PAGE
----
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    Milford High training anticipates a possible attack by a gunman

    Students and teachers in the Milford High cafeteria scattered during a safety drill Friday.
    Michael Dwyer/Associated Press
    Students and teachers in the Milford High cafeteria scattered during a safety drill Friday.

    MILFORD — Milford High School teacher Amy Allegrezza is used to doing school safety drills, but this one was different.

    For one thing, she heard the sounds of real gunshots coming from a police officer running down the hallways firing blanks from a .38-caliber handgun.

    Instead of simply practicing the school’s traditional, stay-in-place lockdown, Allegrezza and more than 500 other teachers, administrators, cafeteria workers, and school custodians were told Friday to consider new options, including breaking windows to escape, running zigzag through the school parking lot, and, as a last resort, fighting back if the intruder makes it ­into their classroom.

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    ‘‘That was something to get us thinking. It got my heart racing, definitely,’’ said Allegrezza, who led about two dozen other teachers and school employees during one practice scenario in her classroom, as the sounds of gunshots rang out in the hallway. She ordered them to barricade the doors with filing cabinets, pull down the blinds, and keep quiet.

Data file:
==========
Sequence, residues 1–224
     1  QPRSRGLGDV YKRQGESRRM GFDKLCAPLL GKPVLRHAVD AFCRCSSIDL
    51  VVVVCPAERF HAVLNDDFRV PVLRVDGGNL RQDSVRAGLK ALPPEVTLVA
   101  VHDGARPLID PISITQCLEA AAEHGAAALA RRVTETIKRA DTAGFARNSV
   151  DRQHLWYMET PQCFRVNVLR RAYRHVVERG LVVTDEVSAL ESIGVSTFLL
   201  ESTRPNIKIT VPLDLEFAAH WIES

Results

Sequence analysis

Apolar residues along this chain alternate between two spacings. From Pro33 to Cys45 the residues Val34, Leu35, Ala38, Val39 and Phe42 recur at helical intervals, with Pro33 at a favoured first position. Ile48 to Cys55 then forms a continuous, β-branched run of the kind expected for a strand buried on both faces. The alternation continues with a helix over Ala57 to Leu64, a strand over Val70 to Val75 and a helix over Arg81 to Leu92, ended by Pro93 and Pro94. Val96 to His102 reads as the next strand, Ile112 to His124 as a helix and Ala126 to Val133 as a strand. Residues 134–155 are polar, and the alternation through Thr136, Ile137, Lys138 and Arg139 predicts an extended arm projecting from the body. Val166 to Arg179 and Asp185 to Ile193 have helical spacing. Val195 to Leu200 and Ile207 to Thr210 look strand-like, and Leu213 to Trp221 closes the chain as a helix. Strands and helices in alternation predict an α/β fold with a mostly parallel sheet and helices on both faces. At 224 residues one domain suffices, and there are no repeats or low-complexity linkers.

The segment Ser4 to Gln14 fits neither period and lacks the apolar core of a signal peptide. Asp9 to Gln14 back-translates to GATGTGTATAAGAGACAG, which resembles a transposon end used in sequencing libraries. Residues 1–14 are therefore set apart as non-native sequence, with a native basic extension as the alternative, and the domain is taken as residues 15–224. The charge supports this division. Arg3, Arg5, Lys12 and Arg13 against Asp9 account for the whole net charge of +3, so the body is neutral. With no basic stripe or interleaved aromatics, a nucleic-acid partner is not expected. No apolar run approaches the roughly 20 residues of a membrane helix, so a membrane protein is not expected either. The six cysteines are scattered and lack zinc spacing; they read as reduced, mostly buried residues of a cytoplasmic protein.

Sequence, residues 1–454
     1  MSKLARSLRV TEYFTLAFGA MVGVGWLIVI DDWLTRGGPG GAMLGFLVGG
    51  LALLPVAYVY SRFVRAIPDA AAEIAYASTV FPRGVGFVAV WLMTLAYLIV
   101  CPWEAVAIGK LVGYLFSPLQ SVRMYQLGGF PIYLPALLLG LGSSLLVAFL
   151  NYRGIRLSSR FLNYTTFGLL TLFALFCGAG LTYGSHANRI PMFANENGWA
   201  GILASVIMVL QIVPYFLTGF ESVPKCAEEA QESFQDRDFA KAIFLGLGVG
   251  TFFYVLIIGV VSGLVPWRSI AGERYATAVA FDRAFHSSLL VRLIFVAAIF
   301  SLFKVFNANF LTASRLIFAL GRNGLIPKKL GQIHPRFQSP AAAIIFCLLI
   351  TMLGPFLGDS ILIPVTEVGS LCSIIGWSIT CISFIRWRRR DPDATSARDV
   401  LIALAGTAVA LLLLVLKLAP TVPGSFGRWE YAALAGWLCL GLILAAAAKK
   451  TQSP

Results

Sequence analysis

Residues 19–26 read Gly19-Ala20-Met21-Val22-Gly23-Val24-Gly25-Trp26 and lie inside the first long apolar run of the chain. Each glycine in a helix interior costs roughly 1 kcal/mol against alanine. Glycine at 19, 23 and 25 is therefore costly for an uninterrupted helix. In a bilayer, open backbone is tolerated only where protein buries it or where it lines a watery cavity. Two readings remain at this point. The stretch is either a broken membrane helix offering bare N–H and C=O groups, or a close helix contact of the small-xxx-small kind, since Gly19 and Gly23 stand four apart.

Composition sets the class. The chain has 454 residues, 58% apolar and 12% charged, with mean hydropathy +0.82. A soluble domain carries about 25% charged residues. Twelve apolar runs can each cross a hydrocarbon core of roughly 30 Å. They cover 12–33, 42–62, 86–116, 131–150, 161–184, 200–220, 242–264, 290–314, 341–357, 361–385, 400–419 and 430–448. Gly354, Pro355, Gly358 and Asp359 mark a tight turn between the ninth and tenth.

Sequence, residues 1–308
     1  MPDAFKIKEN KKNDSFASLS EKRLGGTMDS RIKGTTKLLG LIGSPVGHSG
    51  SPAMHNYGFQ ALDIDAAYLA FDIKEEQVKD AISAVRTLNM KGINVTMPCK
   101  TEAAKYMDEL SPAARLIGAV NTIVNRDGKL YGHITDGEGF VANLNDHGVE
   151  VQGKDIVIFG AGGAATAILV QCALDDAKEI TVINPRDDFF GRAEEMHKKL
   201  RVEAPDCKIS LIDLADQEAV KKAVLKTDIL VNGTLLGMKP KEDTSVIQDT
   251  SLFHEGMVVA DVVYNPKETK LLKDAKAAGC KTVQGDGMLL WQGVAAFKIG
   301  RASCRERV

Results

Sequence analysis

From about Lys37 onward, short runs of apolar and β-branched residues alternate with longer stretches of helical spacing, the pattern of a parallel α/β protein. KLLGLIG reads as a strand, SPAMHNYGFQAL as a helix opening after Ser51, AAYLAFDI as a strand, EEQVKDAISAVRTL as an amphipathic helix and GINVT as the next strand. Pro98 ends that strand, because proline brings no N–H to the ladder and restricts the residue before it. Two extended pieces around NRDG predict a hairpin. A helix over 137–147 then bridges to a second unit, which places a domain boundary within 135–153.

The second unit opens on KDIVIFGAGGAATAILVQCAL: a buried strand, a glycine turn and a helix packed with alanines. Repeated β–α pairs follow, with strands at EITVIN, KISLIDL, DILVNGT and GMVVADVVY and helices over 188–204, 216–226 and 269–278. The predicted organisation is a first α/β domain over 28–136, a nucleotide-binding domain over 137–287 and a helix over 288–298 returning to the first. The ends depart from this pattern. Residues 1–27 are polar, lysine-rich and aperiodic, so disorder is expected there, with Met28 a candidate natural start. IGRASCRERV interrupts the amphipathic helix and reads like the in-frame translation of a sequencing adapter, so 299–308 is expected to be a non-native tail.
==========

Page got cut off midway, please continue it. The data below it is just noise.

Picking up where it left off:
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    In another scenario acted out in the school cafeteria, the 500 participants ran in different directions when the sounds of gunshots thundered just outside the room. Most ran outside through the cafeteria’s four doors, while about two dozen people fled through a side door into an adjoining teachers’ lounge, then barricaded the doors with long tables and chairs. One woman rolled her body over a lunch table in a mad scramble to get out of the cafeteria.

    School Superintendent ­Robert Tremblay said he decided to expand the school staff’s safety training after a gunman killed 20 children and six educators at Sandy Hook Elementary School in Newtown, Conn.

    ‘‘Staying in place and hiding under a desk may not be the best solution at all,’’ Tremblay said. “The best solution may be to get out.”

    The training, given to the school employees during professional development time, was conducted by Synergy ­Solutions Inc., a Franklin-based company that offers active shooter and incident management workshops to law enforce­ment and other groups.

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    Jay Brennan, company cofounder and a police sergeant in Medway, said the program advocates fighting back as a last resort. ‘‘If you are confronted with an aggressor — he’s coming into your room — you may have to take action,’’ he told the group. ‘‘Study your surroundings for a possible weapon.’’